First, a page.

Editor's note: Cat del Valle Castellanos is a writer and a regular contributor to Maria Shriver's Open Field Network.
(CNN) -- If there was a predominant reaction to this voter's indecision, shared in "Young, Female and Undecided" on CNN two weeks ago, it was incredulity.
"The candidates have spent billions," I was told. "Their TV ads have replaced normal programming. This campaign has been longer than a life sentence. How can you still be undecided?"
To clarify, my indecision did not stem from an unrequited love for either candidate. I just could not bring myself to support either of these guys. A vote for Obama makes me a crazy, government-expanding liberal. I vote for Romney and I'm a crazy, masochistic female.
The truth is that voting for a candidate doesn't mean you stand united on every issue. This is not Build-a-Bear. I cannot create my own candidate, taking the best features from each then add a glowing heart and a soft, plush, huggable exterior.
Nevertheless, I have made a choice. I'm young, female and decided. Drumroll, please...
I'm voting for Mitt Romney.
"Well, duh, your dad's a Republican strategist."
My father Alex Castellanos' affiliation has not affected my decision. Although I respect his "suggestions," my choices are my own, as even he would tell you.
What has resolved this contest for me? Was it the cantankerous candidates in the last debate, fighting to fight for the safety of our great nation?
No. Personally, I found the last debate tremendously boring, except for President Obama's "bayonets" comment.
Ultimately, my decision came down to this: I could not rehire Bobby Valentine.
Valentine, manager of the Boston Red Sox this past year, was fired after a horrible season.
His team's poor record wasn't entirely Bobby's fault. In fact, Red Sox general manager Ben Cherington said, "Bobby was dealt a difficult hand." No doubt Valentine inherited a lot of problems.
But looking ahead, there was no reason for Sox fans to hope that next season Valentine would lead his team differently or deliver a better record.
Obama inherited a lot of problems, too. In his defense, our expectations for hope and change were too high. Unless he Midas-touched his way through the White House, Obama was destined to disappoint us.
But manager Obama has not achieved the goals he led us to believe he would. He has not turned his team around.
You don't keep a failing manager when there is an acceptable alternative. It's time for a replacement.
I am hoping, praying, that should he be elected, Romney's experience will lead to a positive shift in the economy and an increase in job creation.
I still disagree with the governor on women's rights. Should he become president, I'm going to rely on the power of the American people to protect women from those who would set the clock back.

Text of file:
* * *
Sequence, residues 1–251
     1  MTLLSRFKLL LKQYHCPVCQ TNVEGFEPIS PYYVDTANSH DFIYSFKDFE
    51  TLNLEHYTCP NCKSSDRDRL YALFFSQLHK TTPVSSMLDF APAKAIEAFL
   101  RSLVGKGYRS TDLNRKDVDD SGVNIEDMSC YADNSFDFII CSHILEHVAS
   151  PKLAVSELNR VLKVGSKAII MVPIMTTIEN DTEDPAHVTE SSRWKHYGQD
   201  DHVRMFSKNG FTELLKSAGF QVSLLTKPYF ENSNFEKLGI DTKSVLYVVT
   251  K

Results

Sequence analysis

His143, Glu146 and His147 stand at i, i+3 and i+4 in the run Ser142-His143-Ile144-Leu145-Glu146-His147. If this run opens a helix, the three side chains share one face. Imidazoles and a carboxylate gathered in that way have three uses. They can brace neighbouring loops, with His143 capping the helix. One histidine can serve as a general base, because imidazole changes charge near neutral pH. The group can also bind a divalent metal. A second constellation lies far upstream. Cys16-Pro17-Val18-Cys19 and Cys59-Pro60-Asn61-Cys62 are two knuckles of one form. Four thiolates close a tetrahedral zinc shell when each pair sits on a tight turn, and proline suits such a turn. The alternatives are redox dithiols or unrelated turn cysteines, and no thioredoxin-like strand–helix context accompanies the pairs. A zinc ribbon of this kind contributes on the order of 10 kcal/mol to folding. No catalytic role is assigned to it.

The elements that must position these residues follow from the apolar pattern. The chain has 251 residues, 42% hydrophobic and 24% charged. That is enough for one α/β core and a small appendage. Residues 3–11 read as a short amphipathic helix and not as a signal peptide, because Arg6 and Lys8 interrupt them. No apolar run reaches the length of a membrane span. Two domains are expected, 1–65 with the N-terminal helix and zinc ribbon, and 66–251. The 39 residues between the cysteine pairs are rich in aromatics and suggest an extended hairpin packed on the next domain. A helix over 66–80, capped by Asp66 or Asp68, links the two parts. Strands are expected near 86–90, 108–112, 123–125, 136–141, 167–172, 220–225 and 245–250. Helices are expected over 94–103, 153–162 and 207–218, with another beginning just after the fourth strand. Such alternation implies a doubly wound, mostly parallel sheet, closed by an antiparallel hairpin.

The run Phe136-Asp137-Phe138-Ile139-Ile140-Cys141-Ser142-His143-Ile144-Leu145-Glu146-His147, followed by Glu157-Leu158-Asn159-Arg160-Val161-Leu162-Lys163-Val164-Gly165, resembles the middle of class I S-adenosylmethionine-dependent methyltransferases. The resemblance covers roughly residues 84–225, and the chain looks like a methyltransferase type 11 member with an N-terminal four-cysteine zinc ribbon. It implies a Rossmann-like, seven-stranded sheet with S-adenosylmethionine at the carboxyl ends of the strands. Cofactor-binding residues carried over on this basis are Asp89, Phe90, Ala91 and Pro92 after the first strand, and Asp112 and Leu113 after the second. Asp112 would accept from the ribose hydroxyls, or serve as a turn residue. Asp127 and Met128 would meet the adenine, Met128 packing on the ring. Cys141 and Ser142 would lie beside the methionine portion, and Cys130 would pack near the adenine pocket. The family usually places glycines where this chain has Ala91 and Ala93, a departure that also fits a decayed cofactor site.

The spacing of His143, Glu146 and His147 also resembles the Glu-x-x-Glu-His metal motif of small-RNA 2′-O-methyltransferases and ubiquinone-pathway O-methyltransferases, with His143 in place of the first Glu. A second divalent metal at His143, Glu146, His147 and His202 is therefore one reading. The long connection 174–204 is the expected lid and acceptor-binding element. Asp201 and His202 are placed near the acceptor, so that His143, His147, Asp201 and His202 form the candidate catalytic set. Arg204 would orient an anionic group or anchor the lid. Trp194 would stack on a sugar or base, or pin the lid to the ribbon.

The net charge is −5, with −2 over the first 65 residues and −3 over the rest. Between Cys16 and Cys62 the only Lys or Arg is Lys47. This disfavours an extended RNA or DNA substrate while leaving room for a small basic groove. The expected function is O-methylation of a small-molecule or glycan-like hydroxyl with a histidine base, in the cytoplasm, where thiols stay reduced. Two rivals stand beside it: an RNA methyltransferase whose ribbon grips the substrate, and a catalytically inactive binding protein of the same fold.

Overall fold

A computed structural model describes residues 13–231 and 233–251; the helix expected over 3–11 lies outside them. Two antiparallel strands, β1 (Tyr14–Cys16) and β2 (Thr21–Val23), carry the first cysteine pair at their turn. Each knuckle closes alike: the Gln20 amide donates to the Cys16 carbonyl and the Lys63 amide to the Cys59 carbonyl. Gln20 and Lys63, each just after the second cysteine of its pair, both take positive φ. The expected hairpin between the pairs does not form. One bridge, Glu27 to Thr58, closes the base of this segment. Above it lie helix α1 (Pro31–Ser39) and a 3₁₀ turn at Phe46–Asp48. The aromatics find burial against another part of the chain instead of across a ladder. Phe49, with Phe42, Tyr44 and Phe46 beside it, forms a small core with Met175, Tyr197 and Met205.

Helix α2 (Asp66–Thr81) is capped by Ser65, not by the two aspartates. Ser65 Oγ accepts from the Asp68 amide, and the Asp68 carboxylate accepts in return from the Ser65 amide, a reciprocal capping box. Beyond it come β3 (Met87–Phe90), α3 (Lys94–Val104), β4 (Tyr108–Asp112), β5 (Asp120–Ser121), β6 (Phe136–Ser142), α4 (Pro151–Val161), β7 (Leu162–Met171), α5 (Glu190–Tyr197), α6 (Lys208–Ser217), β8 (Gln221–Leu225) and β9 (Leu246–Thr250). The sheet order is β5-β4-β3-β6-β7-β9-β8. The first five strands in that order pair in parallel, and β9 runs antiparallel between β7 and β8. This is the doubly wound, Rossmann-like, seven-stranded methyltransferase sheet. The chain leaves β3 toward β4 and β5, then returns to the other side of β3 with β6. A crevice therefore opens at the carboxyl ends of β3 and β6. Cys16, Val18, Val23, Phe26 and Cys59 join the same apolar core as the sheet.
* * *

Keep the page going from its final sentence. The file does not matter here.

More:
The Cujo-like, growling TV ads attacking Romney on women's rights are cut and choreographed to make him seem appalling. Romney might not have closed the gender-gap entirely, but at least some women suspect those ads are unrealistic, more bark than bite.
An ad in which Romney says, "I would overturn Roe v. Wade" does not include what follows, the governor stating, "But that's not where we are. That's not where America is today." If Romney is elected, abortion is not going to become illegal. We will not have a government official holding our hands during our annual doctor's visit.
Similarly, I know Romney is against same-sex marriage. One day, I expect to tell my own children there was a time where gay people could not get married, just like my parents told me of a time I could not understand, when African-Americans were not presidents but confined to the back of the bus.
Some of the progress we've made and injustices we've overcome will not be reversed, no matter who is president. "That's not where America is today."
Romney won't be able to change everything. But what if he could change the economy?
"You can stick with what's barely working or take a chance with [Romney]," said Jay Pharaoh, imitating the president on "SNL."
We've had a losing streak, so I'm taking a chance. Because four years from now, if President Obama is finishing his last months in office and we're deeper in debt, still praying for a winning jobs report, I'll know I got just what I expected.
After all, I voted to keep the same manager after a losing streak. Follow @CNNOpinion on Twitter
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The opinions expressed in this commentary are solely those of Cat Castellanos.